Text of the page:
President Biden on Tuesday declared that it was “infrastructure decade” and that the US economy is in for a “long term boom” after the Senate passed a $1.2 trillion infrastructure bill — despite much of it not being paid for.
The bill passed the Senate on Tuesday with 19 Republicans joining all 50 Democrats in favor. House passage is likely weeks away due to a scheduled summer vacation period.
“After years and years of ‘infrastructure week’, we’re the cusp of an infrastructure decade that I truly believe will transform America.” Biden said at the White House — before bungling his victory speech by saying Gov. Andrew Cuomo did “a hell of a job” despite resigning amid sexual assault allegations and federal probes of his coverup of COVID-19 nursing home deaths.
The Senate-passed infrastructure bill costs $1.2 trillion over eight years, but it is sometimes cited as $1 trillion, the cost over five years. The bill includes $550 billion in new spending over five years.
Biden spoke as Senate Democrats begin the process of attempting to force through a supplementary $3.5 trillion bill that includes much of the social provisions that didn’t gain support from Republicans amid fear that massive spending will further spur inflation.
The initial infrastructure bill is Biden’s first major bipartisan legislative achievement. The deal was brokered after Biden in March forced through a $1.9 COVID-19 relief bill without Republicans, saying that their counter-proposal was too small.
The Senate-passed bill sets aside $110 billion for roads and bridges, $66 billion for passenger and freight rail, $65 billion for broadband internet, more than $50 billion for water infrastructure, $39 billion for public transit and $25 billion for airports.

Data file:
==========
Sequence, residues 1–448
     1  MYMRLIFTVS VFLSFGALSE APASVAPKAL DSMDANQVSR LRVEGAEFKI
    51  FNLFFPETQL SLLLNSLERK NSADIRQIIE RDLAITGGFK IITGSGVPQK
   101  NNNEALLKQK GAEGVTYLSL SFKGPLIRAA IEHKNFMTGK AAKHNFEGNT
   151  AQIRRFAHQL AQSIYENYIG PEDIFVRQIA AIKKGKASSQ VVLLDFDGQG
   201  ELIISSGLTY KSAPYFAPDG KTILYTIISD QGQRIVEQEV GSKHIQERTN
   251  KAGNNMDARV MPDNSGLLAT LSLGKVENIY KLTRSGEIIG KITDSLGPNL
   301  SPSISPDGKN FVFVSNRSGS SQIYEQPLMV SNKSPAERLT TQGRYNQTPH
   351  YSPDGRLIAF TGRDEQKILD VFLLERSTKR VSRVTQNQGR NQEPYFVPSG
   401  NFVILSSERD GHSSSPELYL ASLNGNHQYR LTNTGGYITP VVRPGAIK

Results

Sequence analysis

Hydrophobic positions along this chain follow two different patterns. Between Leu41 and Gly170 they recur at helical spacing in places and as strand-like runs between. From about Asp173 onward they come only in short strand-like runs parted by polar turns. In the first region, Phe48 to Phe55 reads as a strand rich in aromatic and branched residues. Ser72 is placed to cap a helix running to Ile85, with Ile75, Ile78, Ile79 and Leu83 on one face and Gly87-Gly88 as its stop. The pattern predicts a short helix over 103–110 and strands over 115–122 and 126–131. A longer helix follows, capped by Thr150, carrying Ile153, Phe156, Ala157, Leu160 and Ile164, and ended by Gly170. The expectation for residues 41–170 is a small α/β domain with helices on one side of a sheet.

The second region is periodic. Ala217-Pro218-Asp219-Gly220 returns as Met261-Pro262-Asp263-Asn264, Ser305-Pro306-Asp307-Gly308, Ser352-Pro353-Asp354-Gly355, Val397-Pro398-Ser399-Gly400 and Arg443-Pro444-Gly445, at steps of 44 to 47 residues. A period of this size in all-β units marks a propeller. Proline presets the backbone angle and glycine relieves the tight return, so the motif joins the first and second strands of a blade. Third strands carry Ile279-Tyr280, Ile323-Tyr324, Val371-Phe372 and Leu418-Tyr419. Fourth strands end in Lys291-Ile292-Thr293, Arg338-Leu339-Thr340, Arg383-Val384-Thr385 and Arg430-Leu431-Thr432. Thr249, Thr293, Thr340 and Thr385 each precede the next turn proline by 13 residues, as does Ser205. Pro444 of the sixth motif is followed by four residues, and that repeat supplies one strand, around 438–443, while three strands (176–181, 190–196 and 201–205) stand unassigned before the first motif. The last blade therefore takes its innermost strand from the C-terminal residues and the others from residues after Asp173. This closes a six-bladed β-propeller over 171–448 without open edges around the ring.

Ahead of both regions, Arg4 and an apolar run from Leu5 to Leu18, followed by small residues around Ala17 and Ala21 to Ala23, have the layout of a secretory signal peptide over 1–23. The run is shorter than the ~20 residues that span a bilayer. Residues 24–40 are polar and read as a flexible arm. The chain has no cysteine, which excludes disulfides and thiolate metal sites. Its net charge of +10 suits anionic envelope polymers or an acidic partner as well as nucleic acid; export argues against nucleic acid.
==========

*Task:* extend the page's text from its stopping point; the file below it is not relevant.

It contains some big wins for Democrats who wanted global warming to be addressed, including $7.5 billion to install new electric vehicle charging stations, $5 billion to buy electric and low-emission buses and $2.5 billion for ferries.
The bill would put $73 billion toward “clean energy transmission … including by building thousands of miles of new, resilient transmission lines to facilitate the expansion of renewable energy,” a recent White House fact sheet said.
Another $21 billion would go toward environmental remediation, “making the largest investment in addressing the legacy pollution that harms the public health of communities and neighborhoods in American history,” the White House said.
The infrastructure bill would add $256 billion to the federal deficit over 10 years, according to the Congressional Budget Office. But the White House has disputed some estimates and insists the tally doesn’t properly take into account cost savings.
Democrats hope to ram through the larger $3.5 trillion bill next month. It would hike taxes on businesses and higher incomes and is expected to gain no Republican votes. Special budget reconciliation rules allow for passage with a bare majority in the Senate, where Vice President Kamala Harris breaks ties. Centrist Democrats are likely to demand major changes to that bill.